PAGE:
Shahar Tal – Director of the Research Group at Cellebrite – has built an extensive and impressive career within the realm of R&D. Hailing from an elite military background, Shahar in his current role oversees Cellebrite’s research efforts to provide extraction-enabling solutions – for all devices of interest, including the most complex and challenging.
Read up on his career highlights, opinions on Cellebrite’s future in digital forensics as well as advice to newbies entering this technological sphere.
Have a question for Shahar? Leave us a comment below!
Shahar, you are the Director of the Research Group at Cellebrite. Tell us a bit about your role. What does a day in your life look like?
In my role, I am responsible for Cellebrite’s research efforts to provide extraction-enabling solutions for all devices of interest. This core role within the company helps define what our products and services can do. Our unmatched research is one of our strongest differentiators, creating high expectations among our customers and colleagues. My job is to ensure that we continue developing unique capabilities to match these expectations. Luckily, I have several research teams made up of top talent that are dedicated to the task in each different research domain. They deserve a lot of the credit for the technical breakthroughs achieved at Cellebrite.
What does a typical day at the office look like?
Hectic – with dozens of ongoing research projects in various stages! One moment, you may hear cheers and excitement from one of the rooms, where researchers successfully discovered a new extraction method for a previously unsolved device; the next moment, you take part in a critical design review for the next UFED version, while simultaneously reviewing open issues and feature requests for five other projects. After lunch, I usually interview several candidates to join the research team, and then round-up the team for a weekly follow-up of progress and status.
The most gratifying moments are when we receive customer feedback – that praise both our technology and efforts, which enable them to solve a critical case, that may happen to appear all over the news that week. This feedback is significantly rewarding, and contributes to the drive and motivation behind our work every day.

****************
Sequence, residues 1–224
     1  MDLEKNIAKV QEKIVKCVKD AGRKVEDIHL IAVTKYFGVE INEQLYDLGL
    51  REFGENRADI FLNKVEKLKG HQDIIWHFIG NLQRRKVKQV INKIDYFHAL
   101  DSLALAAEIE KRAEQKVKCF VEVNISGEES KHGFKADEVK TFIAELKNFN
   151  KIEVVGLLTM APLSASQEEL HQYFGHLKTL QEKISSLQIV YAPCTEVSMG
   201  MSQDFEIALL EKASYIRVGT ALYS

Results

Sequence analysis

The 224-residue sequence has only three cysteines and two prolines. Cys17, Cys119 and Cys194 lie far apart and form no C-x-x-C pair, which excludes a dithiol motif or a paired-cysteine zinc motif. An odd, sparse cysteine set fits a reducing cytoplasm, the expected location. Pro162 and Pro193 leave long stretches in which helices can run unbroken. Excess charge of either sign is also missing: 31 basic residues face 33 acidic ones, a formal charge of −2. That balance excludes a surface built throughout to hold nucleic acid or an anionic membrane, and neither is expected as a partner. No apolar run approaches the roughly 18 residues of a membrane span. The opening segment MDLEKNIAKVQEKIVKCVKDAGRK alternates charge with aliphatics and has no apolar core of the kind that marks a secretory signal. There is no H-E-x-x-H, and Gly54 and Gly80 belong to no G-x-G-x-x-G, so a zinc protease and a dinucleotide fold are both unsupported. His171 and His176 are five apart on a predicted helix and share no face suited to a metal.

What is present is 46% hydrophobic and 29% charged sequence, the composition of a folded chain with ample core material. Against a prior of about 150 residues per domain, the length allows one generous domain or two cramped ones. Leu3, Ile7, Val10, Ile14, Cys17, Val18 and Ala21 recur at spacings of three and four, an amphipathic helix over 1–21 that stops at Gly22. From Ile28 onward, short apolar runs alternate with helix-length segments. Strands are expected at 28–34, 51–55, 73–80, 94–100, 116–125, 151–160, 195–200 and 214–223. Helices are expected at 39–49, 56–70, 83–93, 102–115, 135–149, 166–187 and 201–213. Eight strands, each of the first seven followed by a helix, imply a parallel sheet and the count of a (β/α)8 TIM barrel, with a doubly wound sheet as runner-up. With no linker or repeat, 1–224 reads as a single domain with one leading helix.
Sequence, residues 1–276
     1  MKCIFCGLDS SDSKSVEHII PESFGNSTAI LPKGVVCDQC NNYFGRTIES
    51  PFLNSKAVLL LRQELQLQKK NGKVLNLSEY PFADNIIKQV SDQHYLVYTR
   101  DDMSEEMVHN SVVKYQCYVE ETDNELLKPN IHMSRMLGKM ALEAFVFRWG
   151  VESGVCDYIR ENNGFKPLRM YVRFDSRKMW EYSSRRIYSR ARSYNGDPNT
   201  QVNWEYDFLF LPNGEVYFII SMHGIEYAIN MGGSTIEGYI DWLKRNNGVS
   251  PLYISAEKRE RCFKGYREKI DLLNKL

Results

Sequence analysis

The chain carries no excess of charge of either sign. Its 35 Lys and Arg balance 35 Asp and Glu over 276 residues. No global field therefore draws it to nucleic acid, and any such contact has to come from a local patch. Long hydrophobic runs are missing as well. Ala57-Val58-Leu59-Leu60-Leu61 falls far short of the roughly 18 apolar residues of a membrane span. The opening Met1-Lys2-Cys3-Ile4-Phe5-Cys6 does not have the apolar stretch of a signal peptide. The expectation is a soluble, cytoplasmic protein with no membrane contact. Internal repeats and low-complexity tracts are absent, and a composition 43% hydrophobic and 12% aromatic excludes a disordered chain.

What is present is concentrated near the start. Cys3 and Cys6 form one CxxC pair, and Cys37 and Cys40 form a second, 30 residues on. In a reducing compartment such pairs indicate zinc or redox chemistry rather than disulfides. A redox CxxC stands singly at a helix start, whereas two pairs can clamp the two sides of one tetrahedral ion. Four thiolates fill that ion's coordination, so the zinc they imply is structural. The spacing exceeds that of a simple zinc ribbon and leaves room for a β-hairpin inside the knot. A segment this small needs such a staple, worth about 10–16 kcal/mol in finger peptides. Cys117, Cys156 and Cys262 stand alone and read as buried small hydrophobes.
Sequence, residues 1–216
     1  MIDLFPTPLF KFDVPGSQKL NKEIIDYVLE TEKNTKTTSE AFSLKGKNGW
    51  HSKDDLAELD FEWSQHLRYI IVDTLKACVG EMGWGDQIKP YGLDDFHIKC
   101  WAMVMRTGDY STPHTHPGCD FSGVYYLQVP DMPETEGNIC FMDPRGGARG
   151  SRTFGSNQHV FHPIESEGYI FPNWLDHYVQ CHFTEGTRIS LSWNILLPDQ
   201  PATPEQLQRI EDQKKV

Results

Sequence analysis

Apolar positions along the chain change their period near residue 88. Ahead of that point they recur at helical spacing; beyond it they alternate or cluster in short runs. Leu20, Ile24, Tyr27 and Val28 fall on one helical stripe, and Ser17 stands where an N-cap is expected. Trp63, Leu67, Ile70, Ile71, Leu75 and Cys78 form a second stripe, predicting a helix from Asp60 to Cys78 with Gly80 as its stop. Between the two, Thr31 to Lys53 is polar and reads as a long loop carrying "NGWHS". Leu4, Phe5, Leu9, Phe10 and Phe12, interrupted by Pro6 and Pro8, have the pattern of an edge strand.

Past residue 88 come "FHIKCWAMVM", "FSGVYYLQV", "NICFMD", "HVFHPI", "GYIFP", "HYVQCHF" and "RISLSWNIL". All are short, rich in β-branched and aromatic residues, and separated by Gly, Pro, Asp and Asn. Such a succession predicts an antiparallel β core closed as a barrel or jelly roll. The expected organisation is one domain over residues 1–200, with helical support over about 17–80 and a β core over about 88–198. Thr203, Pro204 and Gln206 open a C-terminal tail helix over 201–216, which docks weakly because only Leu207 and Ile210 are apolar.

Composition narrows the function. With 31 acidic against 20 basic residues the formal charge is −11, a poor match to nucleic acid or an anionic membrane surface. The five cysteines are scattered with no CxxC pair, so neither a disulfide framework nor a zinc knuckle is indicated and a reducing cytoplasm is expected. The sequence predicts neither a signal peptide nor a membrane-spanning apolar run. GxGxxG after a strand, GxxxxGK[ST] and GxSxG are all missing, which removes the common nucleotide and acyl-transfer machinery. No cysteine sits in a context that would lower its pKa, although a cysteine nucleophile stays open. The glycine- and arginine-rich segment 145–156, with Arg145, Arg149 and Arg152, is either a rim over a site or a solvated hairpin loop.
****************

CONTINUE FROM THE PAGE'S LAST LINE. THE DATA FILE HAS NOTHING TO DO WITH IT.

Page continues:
Can you tell us a little bit about what first sparked your interest in digital forensics?
I am still a newcomer to the digital forensics field, and I learn from the experts and my peers at Cellebrite every day. Coming from a research background, my introduction and continued involvement in the digital forensics arena are incredibly interesting. I think it is crucial for a researcher to understand the needs and concerns of the end user, and that is why I personally follow and often respond in community forums and mailing lists.
Shahar, you hail from a military background. I can imagine that this is quite different from work in the private sector. Can tell us how working in the private sector compares with the military life?
I have a history in elite army R&D units, and in many ways these years have provided the best training possible – by shaping the nature of my work and sharpening my skill sets. Working under tight schedules in an environment where product performance and reliability are absolutely critical, helps you sharpen your instincts and prioritize tasks accordingly. I am also delighted to have had the opportunity to work with some of the best talents in the world on extremely challenging projects.